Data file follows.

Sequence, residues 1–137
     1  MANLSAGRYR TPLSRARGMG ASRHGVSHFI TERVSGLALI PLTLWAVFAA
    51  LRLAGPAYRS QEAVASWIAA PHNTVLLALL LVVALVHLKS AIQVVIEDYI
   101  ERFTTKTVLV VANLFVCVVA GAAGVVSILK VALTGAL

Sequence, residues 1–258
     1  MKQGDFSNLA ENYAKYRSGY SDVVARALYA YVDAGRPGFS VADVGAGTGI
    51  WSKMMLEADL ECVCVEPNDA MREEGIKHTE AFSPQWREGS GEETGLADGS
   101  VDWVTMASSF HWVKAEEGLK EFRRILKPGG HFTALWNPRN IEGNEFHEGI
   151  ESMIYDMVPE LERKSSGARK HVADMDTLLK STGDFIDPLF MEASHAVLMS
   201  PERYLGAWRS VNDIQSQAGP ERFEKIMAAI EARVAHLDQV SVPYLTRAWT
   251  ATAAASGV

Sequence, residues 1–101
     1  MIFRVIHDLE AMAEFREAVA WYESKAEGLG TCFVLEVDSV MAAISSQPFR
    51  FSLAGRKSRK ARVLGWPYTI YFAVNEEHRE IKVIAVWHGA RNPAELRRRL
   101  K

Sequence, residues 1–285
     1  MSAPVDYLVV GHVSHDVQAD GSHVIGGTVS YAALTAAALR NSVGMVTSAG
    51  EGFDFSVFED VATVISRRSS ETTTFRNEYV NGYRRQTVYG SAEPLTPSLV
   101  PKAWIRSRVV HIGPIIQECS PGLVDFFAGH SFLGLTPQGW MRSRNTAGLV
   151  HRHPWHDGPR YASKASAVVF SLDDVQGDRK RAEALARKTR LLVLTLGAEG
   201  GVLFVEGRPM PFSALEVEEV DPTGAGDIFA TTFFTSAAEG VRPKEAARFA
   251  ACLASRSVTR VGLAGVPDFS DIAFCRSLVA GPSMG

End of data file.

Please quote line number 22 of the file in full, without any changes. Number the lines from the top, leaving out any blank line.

   251  ACLASRSVTR VGLAGVPDFS DIAFCRSLVA GPSMG